- Comp & Benefits
- Work/Life Balance
- Senior Management
- Culture & Values
- Career Opportunities
I have been working at Drake Software full-time (more than 8 years)Pros
Supports self starters - busy but fun work enviromentCons
No telecommute - traffic is a painAdvice to ManagementAdvice
Open more doors - not much room to moveRecommendsNeutral OutlookApproves of CEO
Getting an Interview
Getting an Interview
3 people found this helpfulApplication Details
I applied through college or university. The process took 2 days – interviewed at Drake Software in April 2008.Interview Details
This interview is strictly for the Tax Development portion of Drake. If you're interviewing for applications development, web development, or the electronic filing groups you will most likely go through a different - and better process.
Met a recruiter at a career fair at my college and she took my information. This company hires new employees April-Sept and attempts to train them for their "development and support seasons" which go Sept-April. This company targets new grads because the work they do doesn't require very sophisticated programming and they could probably get by - and have in this past - with teaching someone off the street how to do the job. That being said, they strive to present themselves as a software company so they will read off a list of questions to test your knowledge. The questions are straight off a script, as this company does not allow programmers to become managers of Tax Dev, only accountants. The managers will pretend to know how to program and to have development backgrounds, but if you passed your freshman courses in college then you lost them at Abstraction - you probably lost them at Function. If your answers do not match the answers written on the script, they will assume that you're wrong.
The interview process will involve a phone interview (30min - 1 hour) where you will be interviewed by two or three people. They will probe you for basic academic information (GPA, classes of note, leadership roles) then general programming knowledge questions. They will probably also severely probe you about "small town life" as Franklin is the smallest town you will ever live in and they want to make sure you will be a good fit for it.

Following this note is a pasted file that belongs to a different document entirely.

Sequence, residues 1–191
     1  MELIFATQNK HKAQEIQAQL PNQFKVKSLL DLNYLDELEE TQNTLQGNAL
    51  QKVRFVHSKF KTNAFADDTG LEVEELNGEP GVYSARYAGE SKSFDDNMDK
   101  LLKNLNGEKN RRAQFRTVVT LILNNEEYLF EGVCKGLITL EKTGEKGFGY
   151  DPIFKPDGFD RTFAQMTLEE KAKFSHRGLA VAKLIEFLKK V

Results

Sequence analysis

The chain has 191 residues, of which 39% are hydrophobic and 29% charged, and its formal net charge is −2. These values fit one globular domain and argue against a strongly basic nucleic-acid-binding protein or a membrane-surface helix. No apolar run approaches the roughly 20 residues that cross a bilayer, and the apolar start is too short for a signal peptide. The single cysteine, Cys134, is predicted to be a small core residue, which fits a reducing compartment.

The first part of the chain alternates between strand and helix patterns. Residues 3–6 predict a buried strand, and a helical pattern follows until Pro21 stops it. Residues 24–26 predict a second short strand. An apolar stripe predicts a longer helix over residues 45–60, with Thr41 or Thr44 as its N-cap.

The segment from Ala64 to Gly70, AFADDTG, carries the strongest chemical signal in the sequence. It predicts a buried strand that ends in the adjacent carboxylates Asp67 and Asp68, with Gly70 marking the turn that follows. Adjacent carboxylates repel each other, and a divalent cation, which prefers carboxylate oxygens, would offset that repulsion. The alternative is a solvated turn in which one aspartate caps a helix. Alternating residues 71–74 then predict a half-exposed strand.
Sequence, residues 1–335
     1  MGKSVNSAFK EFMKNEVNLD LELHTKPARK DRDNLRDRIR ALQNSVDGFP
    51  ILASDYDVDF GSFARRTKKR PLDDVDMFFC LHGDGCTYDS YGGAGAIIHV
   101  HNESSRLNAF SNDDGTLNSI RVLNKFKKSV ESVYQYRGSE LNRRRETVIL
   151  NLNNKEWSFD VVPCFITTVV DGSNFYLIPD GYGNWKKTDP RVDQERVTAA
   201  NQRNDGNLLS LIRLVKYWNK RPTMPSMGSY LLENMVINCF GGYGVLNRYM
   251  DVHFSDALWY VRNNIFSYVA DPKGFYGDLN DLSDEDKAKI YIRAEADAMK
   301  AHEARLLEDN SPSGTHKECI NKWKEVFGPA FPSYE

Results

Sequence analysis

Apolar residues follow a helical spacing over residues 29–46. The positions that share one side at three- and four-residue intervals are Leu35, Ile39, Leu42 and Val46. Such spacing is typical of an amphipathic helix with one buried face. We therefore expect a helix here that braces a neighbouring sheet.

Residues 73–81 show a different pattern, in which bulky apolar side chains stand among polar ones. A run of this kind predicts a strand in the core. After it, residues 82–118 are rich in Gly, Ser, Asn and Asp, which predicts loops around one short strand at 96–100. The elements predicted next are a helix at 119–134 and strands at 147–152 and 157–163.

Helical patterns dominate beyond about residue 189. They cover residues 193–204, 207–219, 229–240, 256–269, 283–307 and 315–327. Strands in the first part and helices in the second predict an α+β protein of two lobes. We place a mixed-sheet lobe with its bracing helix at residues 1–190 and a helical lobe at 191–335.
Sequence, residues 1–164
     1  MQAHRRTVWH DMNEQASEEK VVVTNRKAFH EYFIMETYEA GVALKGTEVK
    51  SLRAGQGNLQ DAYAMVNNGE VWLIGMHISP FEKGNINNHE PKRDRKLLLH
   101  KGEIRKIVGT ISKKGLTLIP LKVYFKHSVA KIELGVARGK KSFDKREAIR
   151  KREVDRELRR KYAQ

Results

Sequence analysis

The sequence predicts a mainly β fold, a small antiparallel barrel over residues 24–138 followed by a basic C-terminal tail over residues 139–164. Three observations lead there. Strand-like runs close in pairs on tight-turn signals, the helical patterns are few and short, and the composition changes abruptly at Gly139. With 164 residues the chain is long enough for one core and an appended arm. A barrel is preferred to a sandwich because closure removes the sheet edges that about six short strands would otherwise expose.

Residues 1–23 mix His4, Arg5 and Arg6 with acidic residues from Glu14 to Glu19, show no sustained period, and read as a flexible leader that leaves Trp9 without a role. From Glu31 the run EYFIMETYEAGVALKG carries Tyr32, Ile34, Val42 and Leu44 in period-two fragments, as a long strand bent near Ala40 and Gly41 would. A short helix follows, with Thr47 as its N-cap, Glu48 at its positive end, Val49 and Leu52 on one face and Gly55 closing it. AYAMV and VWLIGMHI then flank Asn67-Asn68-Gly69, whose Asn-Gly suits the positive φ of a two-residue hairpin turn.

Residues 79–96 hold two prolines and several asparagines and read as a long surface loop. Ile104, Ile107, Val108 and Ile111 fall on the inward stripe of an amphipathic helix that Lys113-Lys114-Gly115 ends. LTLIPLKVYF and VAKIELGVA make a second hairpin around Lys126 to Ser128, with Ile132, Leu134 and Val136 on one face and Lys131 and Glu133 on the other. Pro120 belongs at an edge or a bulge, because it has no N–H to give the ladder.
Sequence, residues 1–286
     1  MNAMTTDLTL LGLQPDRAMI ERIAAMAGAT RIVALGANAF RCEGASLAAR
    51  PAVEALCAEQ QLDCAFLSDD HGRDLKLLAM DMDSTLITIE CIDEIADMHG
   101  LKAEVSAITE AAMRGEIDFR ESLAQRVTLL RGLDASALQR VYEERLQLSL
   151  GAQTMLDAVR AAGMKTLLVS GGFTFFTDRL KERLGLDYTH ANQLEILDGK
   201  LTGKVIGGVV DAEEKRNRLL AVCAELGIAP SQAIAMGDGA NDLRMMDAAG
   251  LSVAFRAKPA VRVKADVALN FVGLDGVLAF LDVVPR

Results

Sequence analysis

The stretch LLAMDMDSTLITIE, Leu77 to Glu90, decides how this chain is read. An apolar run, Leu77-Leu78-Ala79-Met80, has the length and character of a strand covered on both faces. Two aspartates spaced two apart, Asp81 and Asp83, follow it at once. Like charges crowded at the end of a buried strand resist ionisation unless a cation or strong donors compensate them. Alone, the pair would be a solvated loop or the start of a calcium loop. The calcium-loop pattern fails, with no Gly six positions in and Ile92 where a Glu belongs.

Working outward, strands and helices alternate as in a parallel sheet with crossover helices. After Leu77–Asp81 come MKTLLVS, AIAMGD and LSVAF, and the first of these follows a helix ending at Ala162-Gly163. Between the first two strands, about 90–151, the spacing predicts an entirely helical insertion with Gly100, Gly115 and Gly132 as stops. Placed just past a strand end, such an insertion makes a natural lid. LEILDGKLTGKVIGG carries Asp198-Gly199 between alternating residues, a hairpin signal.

If you pass the phone interview then they will want you to do one or two on site interviews. The first is going to be a panel of (2-3 people) generally the same people you talked to on the phone. They'll ask you pretty much the same questions you were asked over the phone and read off a script of questions about programming. There *may* be a programmer present during the interview, but they will usually only be there to tell the managers if your answers were passable or not if you get too technical for them to follow after you leave. Either at this or a follow-up interview you will be given a test on a computer to check your programming skills further. If you passed Comp Sci 101, you should be ok.
After your interview and test you will be given a small tour of the company, a tour of Franklin (in which they will point out the 20 or so businesses that Drake owns), and you will be fed lunch with one or two of the managers that interviewed you. At this lunch they'll ask all the questions they couldn't legally ask you during the interview, like if you're married, if you go to Church, etc.
For this company it's more important that they deem you a good company fit, rather than extremely skilled. Being an extremely skilled programmer will probably get you a pass as they won't want to pay your salary. They're looking for someone that can handle working in a HIGHLY religious company, that loves working severe amounts of overtime (new babies/newly weds = bad), and who would fit in well in a small town.
This company didn't pay for travel or lodging for the interview. They did have a relocation package included in the job offer, which is pretty nice for new grads.Interview Questions
Negotiation DetailsThis company is cheap. Stand your ground and demand what you're worth. If they pass then they did you a favor. They will try to sell you on the fact that you're getting industry standard by pitching your income to you on a 45 hour yearly work week. They expect you to get an average of 45 hours every year every week and consider that time to be your base pay. Determine your salary using a 40 hour week and strive to get industry standard using it.Accepted OfferNeutral ExperienceAverage Interview
- Explain how you would design a website business for a customer who needs to take orders online. Answer Question
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